Last night the Sundance Jury handed out its prizes and audience awards. The big winners were the hill people noir Winter’s Bone and Obselidia, a romance which was only lacking a stamp reading “Sundance-approved.” More eyes will turn to the backrooms, where lucrative deals were being cut. Focus Features picked up Lisa Cholodeniko’s The Kids Are All Right, with Julianne Moore and Annette Bening as a lesbian couple. Lionsgate agreed to distribute Buried, where Ryan Reynolds struggles to escape a coffin armed only with his cellphone (and some great reception). Harvey Weinstein worked his silver-tongued magic and went home with the rights to The Tillman Story (formerly I’m Pat _________ Tillman) and Blue Valentine, which created Oscar talk for its leads Ryan Gosling and Michelle Williams. Other buzz films included the Interwebs documentary Catfish and Banksy’s debut Exit Through the Gift Shop. Anyway, we’ve got some envelopes to open …
Grand Jury Prize for U.S. Dramatic Film
Winter’s Bone. A clear favorite among critics, Debra Granik’s adaptation of a novel by Daniel Woodrell is a chilling thriller set in the Ozarks. A teenager (Jennifer Lawrence) goes in search for her father, who skips jail after a bust for running a meth lab. Big trouble awaits. “My advice? Discover this one now.” said Salon’s Andrew O’Hehir. It’s been picked up for distribution by Roadside Attractions.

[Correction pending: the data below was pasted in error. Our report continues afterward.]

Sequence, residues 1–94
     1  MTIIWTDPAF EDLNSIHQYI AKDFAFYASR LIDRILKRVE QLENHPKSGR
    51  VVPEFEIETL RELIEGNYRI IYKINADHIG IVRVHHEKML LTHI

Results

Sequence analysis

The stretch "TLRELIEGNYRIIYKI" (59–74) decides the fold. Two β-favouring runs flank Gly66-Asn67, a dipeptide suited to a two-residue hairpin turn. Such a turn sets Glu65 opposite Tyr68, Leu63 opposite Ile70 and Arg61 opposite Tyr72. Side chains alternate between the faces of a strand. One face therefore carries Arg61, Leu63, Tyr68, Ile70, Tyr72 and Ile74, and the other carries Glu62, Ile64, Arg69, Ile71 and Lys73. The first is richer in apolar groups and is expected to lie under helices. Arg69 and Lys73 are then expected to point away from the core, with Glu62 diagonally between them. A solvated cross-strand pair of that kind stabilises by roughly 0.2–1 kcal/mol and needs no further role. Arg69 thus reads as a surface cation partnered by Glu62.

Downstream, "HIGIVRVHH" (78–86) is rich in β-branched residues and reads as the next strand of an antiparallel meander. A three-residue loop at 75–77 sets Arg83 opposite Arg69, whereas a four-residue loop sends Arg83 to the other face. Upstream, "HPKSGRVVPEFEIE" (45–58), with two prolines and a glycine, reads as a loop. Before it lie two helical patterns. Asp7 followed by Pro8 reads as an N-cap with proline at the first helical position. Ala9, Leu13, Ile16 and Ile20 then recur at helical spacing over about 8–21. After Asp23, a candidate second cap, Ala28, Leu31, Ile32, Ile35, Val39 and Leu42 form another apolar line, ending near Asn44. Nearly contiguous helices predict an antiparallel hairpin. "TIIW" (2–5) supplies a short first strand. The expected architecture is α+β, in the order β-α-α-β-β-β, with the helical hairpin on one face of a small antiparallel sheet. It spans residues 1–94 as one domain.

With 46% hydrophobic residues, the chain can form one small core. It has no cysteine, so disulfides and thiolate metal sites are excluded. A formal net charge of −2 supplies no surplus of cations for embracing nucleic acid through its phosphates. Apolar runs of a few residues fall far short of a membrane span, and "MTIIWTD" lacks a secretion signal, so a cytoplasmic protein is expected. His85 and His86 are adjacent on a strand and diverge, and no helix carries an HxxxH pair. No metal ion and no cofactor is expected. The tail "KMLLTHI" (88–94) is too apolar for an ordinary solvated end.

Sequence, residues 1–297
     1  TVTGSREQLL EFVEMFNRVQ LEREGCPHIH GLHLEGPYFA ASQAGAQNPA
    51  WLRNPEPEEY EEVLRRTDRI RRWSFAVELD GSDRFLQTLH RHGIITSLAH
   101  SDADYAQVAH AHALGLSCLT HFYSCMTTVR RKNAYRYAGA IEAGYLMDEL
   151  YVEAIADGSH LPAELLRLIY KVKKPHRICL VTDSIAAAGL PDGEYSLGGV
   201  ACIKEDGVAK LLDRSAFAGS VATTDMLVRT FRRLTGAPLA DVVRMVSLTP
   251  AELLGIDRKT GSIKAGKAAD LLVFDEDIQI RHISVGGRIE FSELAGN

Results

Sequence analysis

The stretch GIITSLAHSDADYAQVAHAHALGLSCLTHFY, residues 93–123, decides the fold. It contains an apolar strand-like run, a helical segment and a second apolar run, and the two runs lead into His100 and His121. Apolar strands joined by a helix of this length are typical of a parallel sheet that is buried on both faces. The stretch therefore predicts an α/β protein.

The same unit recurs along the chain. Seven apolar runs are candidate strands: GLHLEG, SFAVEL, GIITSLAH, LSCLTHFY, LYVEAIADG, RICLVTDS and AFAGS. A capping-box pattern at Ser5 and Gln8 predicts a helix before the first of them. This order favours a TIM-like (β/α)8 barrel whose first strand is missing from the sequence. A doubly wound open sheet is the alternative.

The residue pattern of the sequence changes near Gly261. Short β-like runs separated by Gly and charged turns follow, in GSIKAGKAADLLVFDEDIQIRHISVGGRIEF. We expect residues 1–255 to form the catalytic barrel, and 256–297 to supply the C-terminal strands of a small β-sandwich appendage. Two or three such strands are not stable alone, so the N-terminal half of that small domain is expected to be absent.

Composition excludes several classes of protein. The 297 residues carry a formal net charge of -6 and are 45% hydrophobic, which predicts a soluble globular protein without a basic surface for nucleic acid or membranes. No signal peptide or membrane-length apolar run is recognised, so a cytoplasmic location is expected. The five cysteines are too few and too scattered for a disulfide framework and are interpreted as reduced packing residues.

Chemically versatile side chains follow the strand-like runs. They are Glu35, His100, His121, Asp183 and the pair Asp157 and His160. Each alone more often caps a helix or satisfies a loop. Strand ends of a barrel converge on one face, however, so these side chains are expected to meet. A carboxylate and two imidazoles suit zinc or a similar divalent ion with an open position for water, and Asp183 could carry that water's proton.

Grand Jury Prize for U.S. Documentary
Restrepo. The documentary follows humpy journalist Sebastian Junger (The Perfect Storm) as he spends a year with the 173rd Airborne’s Second Platoon. The unit has been assigned to the deadliest valley in Afghanistan. “I’ve never seen combat footage like Junger and [co-director Tim] Hetherington get in Restrepo,” wrote Noel Murray in The Onion. “It’s raw, relentless, and made all the more unsettling by the fact that the soldiers can’t see who’s shooting at them.” National Geographic have the broadcast rights.
Best Director Prize for U.S. Dramatic Film
Eric Mendelsohn for 3 Backyards. Mendelsohn revisits the territory of his excellent 1999 feature Judy Berlin in the company of star Edie Falco. The film tells the story of three disconnected suburbanites whose daily grind turns extraordinary. The cast is rounded out by Elias Koteas and Embeth Davidtz.
Documentary Directing Award
Leon Gast for Smash His Camera. Gast is well-known to documentary fans for When We Were Kings, a film about the Ali-Foreman Rumble in the Jungle. His portrait documentary reflects his interest in the mechanics of celebrity, putting controversial American paparazzo Ron Galella in the spotlight.
The Dramatic Grand Jury Prize in World Cinema